Crow Divination: Part 3 of 3

In this series, I explore a few ways in which Crows have been seen as fortune tellers, farseers, and omens. Be sure to read Part 1: Divination According to Medicine Men and Part 2: Divination According to the Druids

As we have discussed, the practice of divining from bird calls, properly called auspicy in the English language, appears to actually originate in China. Yet, as narrowly concerned with crows, it would seem the practice is an Indo-Tibetan invention with symbiotic relationship to Chinese methods.

The tradition talked about the most comes to Tibet from India. The first written record is found in the middle sixth century, in the Brihat Samhita by Varahamihira. In the early ninth century we find a Sanskrit text entitled Kakajarita translated by the pandit Danacila into the Tibetan language as Bya-rog-gi skad brtag-par bya-ba, or “Investigating the Cries of Crows.” Through incorporation of this translation into the Tibetan Tanjur, or Buddhist canon, crow auspicy became an established means of divination in Tibet.

Underlying Principles of Crow Augury

Divination through observation of crows in Tibetan tradition is founded on the following principles:

  1. Crows are of varying distinction and intelligence, therefore notice must be taken of the varying classes of crows.
  2. Crows respond to events with characteristic behavioral patterns, therefore by noting the character of the response one may learn the character of the event.
  3. Crow behavior and response differs according to time of day.
  4. The angle of direction between the observer and the crow has significance.

The general predictions governing crow calls are given as follows, categorized by the time of day and the direction in which the call is observed.

First Watch

6:00 am – 9:00 am

  • East: Wishes will be fulfilled
  • Southeast: An enemy will approach
  • South: A friend will visit
  • Southwest: Unexpected profit will accrue
  • West: Great wind will rise
  • Northwest: A stranger will appear
  • North: Scattered property will be found
  • Northeast: A woman will come
  • Zenith: A demon will appear

Second Watch

9:00 am – 12:00 pm

  • East Near relatives will come
  • South Flowers and areca-nuts obtained
  • Southwest Numerous offspring
  • West You will set out on a distant journey
  • Northwest One king replaced by another
  • North Good news will be received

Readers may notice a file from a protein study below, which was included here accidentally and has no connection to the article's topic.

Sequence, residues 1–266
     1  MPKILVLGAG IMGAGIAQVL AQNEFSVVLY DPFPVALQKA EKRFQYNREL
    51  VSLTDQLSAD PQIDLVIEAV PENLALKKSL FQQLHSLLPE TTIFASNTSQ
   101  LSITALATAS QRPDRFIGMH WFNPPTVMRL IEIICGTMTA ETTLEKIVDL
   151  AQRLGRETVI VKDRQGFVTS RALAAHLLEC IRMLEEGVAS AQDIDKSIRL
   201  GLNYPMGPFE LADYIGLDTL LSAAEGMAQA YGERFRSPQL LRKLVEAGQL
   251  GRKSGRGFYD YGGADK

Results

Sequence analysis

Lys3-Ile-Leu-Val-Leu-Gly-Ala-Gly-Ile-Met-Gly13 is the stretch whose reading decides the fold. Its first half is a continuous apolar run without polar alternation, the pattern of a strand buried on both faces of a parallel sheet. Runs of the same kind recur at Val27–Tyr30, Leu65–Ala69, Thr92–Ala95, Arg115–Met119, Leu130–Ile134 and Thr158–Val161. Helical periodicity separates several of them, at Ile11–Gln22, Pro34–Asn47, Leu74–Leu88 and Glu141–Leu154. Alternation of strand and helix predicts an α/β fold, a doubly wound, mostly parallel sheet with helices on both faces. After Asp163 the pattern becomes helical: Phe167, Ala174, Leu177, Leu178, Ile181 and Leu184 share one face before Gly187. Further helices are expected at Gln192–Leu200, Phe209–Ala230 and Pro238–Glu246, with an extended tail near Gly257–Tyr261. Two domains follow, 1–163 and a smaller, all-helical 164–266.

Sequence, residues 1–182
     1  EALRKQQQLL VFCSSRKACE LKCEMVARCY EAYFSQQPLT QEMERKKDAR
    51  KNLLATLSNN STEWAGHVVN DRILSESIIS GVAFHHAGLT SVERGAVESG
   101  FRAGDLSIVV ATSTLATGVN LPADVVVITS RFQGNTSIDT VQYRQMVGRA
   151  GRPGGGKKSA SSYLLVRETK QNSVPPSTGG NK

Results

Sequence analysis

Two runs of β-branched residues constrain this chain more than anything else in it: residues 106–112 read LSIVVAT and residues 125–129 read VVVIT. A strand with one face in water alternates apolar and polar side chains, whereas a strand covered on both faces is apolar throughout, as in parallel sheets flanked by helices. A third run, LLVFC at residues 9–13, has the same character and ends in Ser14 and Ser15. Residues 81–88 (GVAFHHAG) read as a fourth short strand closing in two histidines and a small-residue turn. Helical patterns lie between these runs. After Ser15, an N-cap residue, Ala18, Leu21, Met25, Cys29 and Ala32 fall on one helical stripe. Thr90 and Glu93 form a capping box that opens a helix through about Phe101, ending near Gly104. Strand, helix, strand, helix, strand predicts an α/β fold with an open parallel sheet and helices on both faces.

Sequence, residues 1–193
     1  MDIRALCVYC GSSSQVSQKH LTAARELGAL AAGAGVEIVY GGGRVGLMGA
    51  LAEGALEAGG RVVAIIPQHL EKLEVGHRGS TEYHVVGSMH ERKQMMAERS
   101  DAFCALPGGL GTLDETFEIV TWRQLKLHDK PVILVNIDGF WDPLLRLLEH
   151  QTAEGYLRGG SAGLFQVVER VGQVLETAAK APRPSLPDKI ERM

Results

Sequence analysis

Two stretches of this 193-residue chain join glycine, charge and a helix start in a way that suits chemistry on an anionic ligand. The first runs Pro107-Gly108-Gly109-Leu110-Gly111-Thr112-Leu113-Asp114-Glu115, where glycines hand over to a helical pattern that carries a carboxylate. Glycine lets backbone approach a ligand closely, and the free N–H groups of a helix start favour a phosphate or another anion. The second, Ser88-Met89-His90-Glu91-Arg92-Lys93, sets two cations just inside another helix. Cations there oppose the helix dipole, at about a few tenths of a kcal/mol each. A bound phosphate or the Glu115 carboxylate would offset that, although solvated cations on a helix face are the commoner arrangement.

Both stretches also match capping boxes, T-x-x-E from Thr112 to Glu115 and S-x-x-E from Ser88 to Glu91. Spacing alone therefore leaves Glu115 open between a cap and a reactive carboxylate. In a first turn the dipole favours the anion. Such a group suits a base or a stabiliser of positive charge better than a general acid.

• Northeast Disorder breaks out
  • Zenith Fulfillment of your wishes

Third Watch

12:00 pm – 3:00 pm

  • East: You will obtain property
  • Southeast: A battle will arise
  • South: A storm will come
  • Southwest: An enemy will come
  • West: A woman will come
  • Northwest: A relative will come
  • North: A good friend will come
  • Northeast: A conflagration breaks out
  • Zenith: You will gain profit by being taken care of by the king

Fourth Watch

3:00 pm – 6:00 pm

  • East: Great fear predicted
  • Southeast: Great gain coming
  • South: A stranger will come
  • Southwest: A storm will rise in seven days
  • West: Rain and wind will come
  • Northwest: Scattered property found
  • North: A king will appear
  • Northeast: You will obtain rank
  • Zenith: Hunger predicted


  • East An enemy appears on the road
  • Southeast A treasure will come to you
  • South You will die of disease
  • Southwest The wishes of one’s heart fulfilled
  • West Relatives will come
  • Northwest Obtaining property predicted
  • North Homage will be done to the king
  • Zenith You will obtain advantage you hoped for

General Observations

  • Crow on right: good journey
  • Crow behind: you obtain siddhi
  • A crow flapping his wings, calls: great accident
  • Crow pulls human hair: death
  • Crow eats dirty food: food and drink about to come
  • Crow on thornbush: enemy
  • Crow on milksap tree: milkrice to you
  • Crow on withered tree: no food and drink
  • Crow on palace: excellent halting place
  • Crow on divan: enemy will come
  • Crow facing door: peril at frontier
  • Crow pulling dress: dress to you
  • Crow on skull: death
  • Crow with red thread on house: fire

Art by Marie Olofsdotter